Observations of Elevated Convection Initiation Leading to a Surface-Based Squall Line during 13 June IHOP_2002

AMS Citation:
Marsham, J. H., S. B. Trier, J. W. Wilson, and T. Weckwerth, 2011: Observations of Elevated Convection Initiation Leading to a Surface-Based Squall Line during 13 June IHOP_2002. Monthly Weather Review, 139, 247-271, doi:10.1175/2010MWR3422.1.
Resource Type:article
Title:Observations of Elevated Convection Initiation Leading to a Surface-Based Squall Line during 13 June IHOP_2002
Abstract: The evolution of a mesoscale convective system (MCS) observed during the International H2O Project that took place on the Great Plains of the United States is described. The MCS formed at night in a frontal zone, with four initiation episodes occurring between approximately 0000 and 0400 local time. Radar, radiosonde, and surface data together show that at least three of the initiation episodes were elevated, occurring from moist conditionally unstable layers located above the boundary layer, which had been stabilized by previous MCSs. Initiation occurred in northwest–southeast-oriented lines where a southerly nocturnal low-level jet terminated, generating elevated convergence. One initiation episode was observed using the S-band dual-polarization Doppler radar (S-Pol) and occurred at the intersection of this convergence zone with a propagating wave. Calculations of the Scorer parameter were consistent with wave trapping. Downdrafts from the developing convection generated both waves and bores, which propagated ahead of the cold pool, initiating further convection. Between 0700 and 1000 local time, the structure and orientation of the MCS evolved to a southwest–northeast-oriented squall line, which built a cold-pool outflow that could lift near-surface air to its level of free convection. The weaker cold pool in the eastern part of the domain was consistent with the greater impacts of a previous MCS there. To the authors’ knowledge, this case study provides the first detailed observational investigation of elevated initiation leading to surface-based convection, a process that appears to be an important mechanism for the generation of long-lived MCSs from elevated initiation.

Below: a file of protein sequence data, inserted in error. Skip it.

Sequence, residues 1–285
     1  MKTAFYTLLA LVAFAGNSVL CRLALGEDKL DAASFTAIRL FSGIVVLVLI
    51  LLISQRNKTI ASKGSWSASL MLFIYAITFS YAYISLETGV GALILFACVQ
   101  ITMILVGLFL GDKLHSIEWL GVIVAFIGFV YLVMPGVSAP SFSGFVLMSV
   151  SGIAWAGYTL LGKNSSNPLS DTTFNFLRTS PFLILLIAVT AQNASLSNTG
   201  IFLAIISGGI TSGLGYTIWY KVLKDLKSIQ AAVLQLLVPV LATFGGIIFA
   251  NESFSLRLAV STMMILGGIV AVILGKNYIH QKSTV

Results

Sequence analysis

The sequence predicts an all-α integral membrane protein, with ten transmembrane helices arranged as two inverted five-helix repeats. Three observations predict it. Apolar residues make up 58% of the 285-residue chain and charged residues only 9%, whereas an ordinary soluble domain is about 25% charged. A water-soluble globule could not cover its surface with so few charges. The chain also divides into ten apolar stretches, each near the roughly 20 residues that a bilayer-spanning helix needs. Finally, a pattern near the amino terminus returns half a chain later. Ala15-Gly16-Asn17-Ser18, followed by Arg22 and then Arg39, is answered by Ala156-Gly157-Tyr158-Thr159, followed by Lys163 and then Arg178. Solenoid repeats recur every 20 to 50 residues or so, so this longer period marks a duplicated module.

Peer Review:Refereed
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OpenSky citable URL: ark:/85065/d7tb17c7
Publisher's Version: 10.1175/2010MWR3422.1
  • John Marsham
  • Stanley Trier - NCAR/UCAR
  • James Wilson - NCAR/UCAR
  • Tammy Weckwerth - NCAR/UCAR
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